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sharirouse

"Argued" About Loss

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Well it finally happened. I shouldn't really say it was an argument. It all makes sense now. I have this friend who I began talking to because I was lonely. Hes male and he helped with the loneliness of my dad. Well he grew up in Palestine (by Israel for those that dont know) for a good portion of his life. Well we were talking and we were talking about struggles. It started as teasing but turned into a type of argument. Since he's from a different country, he's gone through some traumatic events but when talking he basically belittled the fact that my dad died. He didnt directly say it so maybe I am being over sensitive but its how I took it. He knows its sad but since his uncle got stabbed to death, he didnt think it was as traumatic I guess. He kept telling me that I act like my life is hard when its a lot better than others. I dont think I act like its bad though, I do still talk about my dad but I still feel like I need to say outloud that he passed away. This guy never really seemed to understand my grief but now it makes sense. He doesnt understand that we come from different places. I can only imagine what he's been through but Ive grown up in the states and still struggled with the passing of my dad. I hope this all makes sense. I was pretty hurt. I mean, we arent fighting but he still made me mad. 

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Shari, my dear, I think it's difficult enough describing to anyone else exactly what your loss means and how it feels to you, much less trying to describe it to someone whose culture is so different from your own. I suspect that, from your friend's perspective, we Americans don't know struggle at all, when compared with the rest of the world. But as I mention in this article, When Grief Seems Insignificant by Comparison, it is useless to compare one person's loss with that of another. That's why we're always emphasizing the fact that grief is unique to the person experiencing it ~ because so many factors are involved: age, gender, personality, relationship to the deceased, previous experience with loss, and all the rest.

I once had a friend whose father was in his nineties, very frail and obviously growing old, but still relatively healthy and alert for a man his age. My friend would talk endlessly to me about how she was going to feel when her dad died. Since my own father had died already (and several years before), it was all I could do to "be there" for my friend and to keep my own thoughts and feelings in check. After all, I would think, "She still has her dad, and my own father had died suddenly, unexpectedly, and way too soon ~ and I am without him now and I still miss him terribly. At least her dad is still here with her! Can't she be grateful for that?" But I kept those feelings to myself, because I knew my feelings had nothing to do with how she was feeling about her dad. She just needed me to listen. Sometimes, because of who they are, where they come from, where they are in their own lives and what they're dealing with, our friends may not be capable of seeing things from our perspective. If you choose to do so, you can forgive your friend for that, as it may not be his intention to hurt you. But if you find that you cannot get past your anger, then you might consider having a talk with him to let him know how his lack of understanding felt to you.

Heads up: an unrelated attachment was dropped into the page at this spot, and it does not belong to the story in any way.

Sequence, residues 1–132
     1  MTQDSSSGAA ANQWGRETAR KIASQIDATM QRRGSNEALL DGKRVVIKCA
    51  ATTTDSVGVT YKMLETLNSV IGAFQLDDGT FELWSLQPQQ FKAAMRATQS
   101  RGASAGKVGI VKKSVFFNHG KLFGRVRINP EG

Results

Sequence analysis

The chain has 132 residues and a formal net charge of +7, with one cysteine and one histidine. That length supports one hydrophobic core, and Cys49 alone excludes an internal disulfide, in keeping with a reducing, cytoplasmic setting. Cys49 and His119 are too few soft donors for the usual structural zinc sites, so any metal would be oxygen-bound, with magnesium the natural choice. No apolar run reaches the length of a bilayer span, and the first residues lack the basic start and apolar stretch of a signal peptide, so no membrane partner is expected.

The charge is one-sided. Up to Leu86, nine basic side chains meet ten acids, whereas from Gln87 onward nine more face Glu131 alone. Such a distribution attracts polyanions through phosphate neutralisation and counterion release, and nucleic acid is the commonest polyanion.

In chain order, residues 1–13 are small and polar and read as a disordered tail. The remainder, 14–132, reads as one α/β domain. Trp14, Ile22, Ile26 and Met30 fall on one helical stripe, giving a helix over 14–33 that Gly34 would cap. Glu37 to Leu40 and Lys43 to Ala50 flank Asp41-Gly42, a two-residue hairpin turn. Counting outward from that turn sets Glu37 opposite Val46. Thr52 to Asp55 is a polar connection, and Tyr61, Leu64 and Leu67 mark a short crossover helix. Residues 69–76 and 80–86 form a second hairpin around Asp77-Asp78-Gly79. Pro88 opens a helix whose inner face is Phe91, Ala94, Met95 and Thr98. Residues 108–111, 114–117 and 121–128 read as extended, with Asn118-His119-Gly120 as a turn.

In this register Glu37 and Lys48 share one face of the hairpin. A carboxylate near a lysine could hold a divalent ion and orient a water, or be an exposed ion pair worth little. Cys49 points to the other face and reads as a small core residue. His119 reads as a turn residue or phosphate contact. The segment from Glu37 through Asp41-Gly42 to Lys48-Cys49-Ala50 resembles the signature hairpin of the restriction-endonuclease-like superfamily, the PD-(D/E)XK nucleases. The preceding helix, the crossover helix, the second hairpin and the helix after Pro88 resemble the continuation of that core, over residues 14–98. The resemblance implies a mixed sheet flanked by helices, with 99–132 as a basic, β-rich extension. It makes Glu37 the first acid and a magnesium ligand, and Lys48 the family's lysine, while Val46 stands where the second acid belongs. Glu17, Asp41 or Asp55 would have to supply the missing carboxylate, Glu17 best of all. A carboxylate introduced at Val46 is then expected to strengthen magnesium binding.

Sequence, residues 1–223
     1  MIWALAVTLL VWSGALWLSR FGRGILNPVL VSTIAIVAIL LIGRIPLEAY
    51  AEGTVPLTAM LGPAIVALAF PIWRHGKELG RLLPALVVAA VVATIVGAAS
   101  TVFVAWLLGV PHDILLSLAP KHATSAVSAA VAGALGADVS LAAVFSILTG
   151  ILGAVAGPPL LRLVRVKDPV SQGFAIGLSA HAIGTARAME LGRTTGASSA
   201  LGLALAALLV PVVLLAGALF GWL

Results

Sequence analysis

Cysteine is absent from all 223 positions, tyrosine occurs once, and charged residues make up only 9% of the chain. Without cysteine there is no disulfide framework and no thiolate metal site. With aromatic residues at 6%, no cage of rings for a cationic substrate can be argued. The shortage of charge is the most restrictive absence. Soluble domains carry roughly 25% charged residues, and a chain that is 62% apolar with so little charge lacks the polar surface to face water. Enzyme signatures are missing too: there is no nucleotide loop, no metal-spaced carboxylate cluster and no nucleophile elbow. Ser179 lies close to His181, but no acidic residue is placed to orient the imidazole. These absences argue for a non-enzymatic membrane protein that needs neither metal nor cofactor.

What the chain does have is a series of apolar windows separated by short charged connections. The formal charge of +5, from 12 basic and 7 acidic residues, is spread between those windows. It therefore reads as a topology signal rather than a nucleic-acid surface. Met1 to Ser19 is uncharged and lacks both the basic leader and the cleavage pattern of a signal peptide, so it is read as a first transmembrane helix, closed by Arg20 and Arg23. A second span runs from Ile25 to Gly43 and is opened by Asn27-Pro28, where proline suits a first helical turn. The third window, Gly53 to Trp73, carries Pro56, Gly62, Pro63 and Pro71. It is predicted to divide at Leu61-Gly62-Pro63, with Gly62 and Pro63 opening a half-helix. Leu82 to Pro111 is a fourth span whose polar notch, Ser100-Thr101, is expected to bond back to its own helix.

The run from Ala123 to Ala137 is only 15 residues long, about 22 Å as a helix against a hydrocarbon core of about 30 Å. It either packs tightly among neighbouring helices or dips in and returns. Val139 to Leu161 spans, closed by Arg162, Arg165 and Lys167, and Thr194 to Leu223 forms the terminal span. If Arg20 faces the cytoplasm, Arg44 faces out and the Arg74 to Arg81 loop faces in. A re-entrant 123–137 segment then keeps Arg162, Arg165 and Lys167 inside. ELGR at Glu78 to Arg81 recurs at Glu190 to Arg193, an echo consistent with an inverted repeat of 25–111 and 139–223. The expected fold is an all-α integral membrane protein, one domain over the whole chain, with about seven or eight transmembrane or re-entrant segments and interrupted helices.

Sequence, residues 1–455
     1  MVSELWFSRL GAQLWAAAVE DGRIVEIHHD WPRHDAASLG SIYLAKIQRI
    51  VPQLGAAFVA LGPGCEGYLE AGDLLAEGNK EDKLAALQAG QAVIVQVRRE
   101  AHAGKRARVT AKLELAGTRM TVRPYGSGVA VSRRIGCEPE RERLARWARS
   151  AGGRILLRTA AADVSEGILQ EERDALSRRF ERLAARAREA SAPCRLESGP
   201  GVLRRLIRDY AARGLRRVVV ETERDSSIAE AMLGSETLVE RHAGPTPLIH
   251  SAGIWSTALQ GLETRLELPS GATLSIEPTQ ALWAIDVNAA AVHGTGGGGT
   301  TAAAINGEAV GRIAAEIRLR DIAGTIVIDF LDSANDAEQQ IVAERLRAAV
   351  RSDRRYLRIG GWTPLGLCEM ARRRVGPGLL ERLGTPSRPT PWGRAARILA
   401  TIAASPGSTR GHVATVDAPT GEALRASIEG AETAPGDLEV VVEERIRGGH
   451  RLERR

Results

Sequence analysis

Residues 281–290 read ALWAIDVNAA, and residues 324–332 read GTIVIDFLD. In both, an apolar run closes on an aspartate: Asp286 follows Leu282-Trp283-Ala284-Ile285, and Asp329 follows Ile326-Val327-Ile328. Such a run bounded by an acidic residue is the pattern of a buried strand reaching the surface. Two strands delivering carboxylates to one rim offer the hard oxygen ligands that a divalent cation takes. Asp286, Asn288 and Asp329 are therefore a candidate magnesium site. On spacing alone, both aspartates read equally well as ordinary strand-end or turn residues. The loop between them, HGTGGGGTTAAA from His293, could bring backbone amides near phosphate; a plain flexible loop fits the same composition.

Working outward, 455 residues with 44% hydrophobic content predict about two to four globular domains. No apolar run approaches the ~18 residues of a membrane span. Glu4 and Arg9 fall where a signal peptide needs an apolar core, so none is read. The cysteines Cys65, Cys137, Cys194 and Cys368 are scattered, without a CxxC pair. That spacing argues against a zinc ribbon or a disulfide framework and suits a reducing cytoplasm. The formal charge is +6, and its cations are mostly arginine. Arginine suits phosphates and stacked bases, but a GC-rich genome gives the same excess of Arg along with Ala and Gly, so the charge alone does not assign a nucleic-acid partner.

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That's very true. And that probably is what he thinks and it upsets me to think that he believes I didnt struggle. I finally told him that we are from different worlds and pain is pain. I expected to hear something to this extent when my dog passed because "she was just a dog" but never with my dad. I told my roommate about it and she keeps reminding me that he didnt say what I think he did. But you are right that comparing the two is useless. I didnt even mean to go that route but he likes to push my buttons LOL I have struggled with him not understanding grief for awhile but I need to quit trying to make him understand and keep my feelings in check, like you did. I should forgive him but I think eventually I will have a talk with him. I have been struggling on what to do with him because he helps with my loneliness of my dad, but he upsets me lol. Another problem for another day!